Correction: A previous version of this article misstated the date range during which SLO County met the state's metrics as of Sept. 18.
Indoor spaces at restaurants, gyms, movie theaters, and places of worship could reopen again as early as next week due to declining levels of COVID-19 in San Luis Obispo County.
Between Aug. 30 and Sept. 5—and for the first time since July
—SLO County met the state’s metrics to progress out of its most restrictive set of rules and closures imposed to stop the spread of the novel coronavirus.
FILE PHOTO BY JAYSON MELLOM
PROGRESS SLO County could move into the next tier of the state’s reopening plan next week if the current COVID-19 numbers hold.
Over the past week, SLO County averaged 6.3 cases per 100,000 residents and reported a 2.9 percent positivity rate. If those numbers hold through Sept. 22, the county will move into Tier 2 (the “red tier”) of the state’s four-tiered Blueprint for a Safer Economy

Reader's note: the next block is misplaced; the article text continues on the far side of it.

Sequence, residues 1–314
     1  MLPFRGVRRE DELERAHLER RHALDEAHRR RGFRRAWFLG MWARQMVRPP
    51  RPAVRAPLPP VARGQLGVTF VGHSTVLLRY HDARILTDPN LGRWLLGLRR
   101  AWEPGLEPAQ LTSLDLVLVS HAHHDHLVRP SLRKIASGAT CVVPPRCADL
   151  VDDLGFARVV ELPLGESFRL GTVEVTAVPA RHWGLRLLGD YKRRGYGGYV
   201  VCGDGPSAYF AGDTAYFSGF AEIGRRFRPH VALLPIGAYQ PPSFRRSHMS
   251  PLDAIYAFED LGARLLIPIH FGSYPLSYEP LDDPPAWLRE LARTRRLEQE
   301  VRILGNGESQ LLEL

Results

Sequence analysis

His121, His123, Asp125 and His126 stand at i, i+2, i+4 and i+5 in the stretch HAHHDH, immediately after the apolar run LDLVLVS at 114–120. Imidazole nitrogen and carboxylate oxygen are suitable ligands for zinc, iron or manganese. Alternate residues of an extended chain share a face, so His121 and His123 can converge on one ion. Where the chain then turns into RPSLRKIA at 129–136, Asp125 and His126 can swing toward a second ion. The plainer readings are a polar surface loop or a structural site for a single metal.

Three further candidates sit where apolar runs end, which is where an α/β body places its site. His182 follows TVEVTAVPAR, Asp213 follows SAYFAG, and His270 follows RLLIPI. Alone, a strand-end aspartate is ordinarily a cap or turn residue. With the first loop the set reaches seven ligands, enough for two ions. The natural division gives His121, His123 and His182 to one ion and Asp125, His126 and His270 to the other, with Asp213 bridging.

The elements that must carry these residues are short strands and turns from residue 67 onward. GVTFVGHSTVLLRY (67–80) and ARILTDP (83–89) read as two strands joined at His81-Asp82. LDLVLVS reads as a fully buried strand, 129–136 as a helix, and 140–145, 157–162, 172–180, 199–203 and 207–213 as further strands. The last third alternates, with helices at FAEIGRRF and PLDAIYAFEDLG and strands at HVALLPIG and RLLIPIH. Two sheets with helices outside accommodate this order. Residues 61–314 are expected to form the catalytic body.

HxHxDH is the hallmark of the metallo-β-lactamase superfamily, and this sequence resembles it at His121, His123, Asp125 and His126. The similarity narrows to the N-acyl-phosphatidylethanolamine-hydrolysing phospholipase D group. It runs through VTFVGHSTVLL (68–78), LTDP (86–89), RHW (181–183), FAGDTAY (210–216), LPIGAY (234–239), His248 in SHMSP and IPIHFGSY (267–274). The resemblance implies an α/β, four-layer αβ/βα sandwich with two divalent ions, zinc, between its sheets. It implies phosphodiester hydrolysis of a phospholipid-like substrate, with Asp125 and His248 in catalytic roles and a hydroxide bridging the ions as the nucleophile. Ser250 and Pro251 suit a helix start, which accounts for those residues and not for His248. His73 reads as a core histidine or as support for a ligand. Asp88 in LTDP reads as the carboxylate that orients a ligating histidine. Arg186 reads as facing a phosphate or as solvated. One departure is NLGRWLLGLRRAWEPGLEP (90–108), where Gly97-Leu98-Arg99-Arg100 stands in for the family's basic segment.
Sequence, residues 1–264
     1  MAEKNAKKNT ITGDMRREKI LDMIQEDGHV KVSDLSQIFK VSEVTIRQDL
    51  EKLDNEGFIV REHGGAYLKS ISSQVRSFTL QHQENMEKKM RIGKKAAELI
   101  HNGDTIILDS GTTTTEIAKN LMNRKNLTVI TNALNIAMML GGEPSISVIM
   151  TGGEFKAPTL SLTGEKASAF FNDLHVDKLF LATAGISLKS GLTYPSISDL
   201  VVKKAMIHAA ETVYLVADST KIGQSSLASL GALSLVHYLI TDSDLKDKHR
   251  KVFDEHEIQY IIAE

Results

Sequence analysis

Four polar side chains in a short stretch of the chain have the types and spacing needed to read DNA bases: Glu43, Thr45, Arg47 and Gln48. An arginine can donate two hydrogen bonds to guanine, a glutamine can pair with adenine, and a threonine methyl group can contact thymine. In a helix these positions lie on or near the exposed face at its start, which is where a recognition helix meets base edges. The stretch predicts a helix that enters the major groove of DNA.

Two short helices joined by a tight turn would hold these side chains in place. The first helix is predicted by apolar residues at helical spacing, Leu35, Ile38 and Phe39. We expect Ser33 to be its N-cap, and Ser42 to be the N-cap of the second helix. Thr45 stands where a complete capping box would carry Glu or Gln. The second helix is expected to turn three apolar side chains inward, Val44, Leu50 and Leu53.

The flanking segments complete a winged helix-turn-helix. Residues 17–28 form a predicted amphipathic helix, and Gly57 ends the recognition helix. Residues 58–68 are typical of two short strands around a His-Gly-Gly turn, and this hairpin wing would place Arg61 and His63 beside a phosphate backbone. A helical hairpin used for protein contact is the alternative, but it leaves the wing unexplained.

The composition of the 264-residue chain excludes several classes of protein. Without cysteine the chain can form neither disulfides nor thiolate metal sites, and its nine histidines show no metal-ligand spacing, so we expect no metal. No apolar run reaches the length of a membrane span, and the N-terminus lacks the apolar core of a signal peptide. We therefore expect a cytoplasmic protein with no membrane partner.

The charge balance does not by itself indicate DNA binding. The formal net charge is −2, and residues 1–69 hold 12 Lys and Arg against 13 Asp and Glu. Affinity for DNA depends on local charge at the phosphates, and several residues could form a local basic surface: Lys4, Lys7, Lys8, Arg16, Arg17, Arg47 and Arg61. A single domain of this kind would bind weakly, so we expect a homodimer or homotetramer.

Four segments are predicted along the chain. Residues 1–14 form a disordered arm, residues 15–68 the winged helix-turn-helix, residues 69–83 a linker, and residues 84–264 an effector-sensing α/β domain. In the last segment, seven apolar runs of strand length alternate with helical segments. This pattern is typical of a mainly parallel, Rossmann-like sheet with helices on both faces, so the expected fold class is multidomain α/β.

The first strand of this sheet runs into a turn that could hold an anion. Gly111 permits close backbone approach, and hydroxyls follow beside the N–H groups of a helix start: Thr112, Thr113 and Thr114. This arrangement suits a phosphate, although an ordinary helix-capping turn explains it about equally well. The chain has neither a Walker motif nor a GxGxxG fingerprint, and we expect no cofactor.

Counties must meet those benchmarks for two consecutive weeks to move forward. They can also move backwards if they don’t meet them for two weeks.
“We are optimistic that SLO County will move forward into the red tier of the state’s Blueprint for a Safer Economy next week,” SLO County Public Health Officer Penny Borenstein said in a Sept. 18 press release, “and that more businesses will be able to open indoor operations. To get there, we need every person in our community to continue to slow the spread of COVID-19. We must stay vigilant.”
Under the red tier rules
, stores and shopping centers can grow their capacity to 50 percent (from 25 percent) and sectors that were barred from operating at all indoors may reopen with restrictions. Those sectors include restaurants, personal care services, museums, zoos, and aquariums, places of worship, movie theaters, and gyms.
Schools may also reopen for in-person instruction if the county can stay in the red tier for at least two weeks, according to the state blueprint.
While SLO is poised to make progress on the blueprint, Santa Barbara County isn’t. As of Sept. 15, Santa Barbara County averaged 9.1 cases per 100,000 residents—two cases higher than the needed threshold. ∆